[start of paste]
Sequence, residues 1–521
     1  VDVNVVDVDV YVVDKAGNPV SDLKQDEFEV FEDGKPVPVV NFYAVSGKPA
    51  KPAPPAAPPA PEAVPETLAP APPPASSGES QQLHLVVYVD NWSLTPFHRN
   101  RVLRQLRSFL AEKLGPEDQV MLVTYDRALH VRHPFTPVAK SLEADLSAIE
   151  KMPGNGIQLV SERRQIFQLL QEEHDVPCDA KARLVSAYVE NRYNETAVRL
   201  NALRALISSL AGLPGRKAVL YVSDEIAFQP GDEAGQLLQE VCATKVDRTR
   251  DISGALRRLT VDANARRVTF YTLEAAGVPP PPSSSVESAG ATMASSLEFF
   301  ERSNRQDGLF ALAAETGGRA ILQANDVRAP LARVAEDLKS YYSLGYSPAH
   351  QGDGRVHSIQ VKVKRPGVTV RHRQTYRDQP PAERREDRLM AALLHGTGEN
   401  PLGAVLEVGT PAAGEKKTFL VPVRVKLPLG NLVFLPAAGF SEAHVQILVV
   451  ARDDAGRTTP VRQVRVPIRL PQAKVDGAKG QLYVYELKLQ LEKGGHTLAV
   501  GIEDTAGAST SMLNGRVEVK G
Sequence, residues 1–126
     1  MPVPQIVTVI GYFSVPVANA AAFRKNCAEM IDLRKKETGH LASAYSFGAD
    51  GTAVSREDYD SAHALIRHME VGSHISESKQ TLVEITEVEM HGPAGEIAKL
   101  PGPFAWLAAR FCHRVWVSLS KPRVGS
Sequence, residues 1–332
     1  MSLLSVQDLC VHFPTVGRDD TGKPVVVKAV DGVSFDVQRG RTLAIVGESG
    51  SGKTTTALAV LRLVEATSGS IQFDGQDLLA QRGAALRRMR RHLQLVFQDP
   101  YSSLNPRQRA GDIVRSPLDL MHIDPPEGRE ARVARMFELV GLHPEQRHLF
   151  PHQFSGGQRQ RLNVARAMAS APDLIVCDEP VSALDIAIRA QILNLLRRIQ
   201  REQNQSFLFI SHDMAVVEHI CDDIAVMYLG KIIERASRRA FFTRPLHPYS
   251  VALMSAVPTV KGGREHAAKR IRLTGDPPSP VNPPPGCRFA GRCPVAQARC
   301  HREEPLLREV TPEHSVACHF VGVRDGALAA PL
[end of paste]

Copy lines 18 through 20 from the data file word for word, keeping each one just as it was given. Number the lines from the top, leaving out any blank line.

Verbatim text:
     1  MSLLSVQDLC VHFPTVGRDD TGKPVVVKAV DGVSFDVQRG RTLAIVGESG
    51  SGKTTTALAV LRLVEATSGS IQFDGQDLLA QRGAALRRMR RHLQLVFQDP
   101  YSSLNPRQRA GDIVRSPLDL MHIDPPEGRE ARVARMFELV GLHPEQRHLF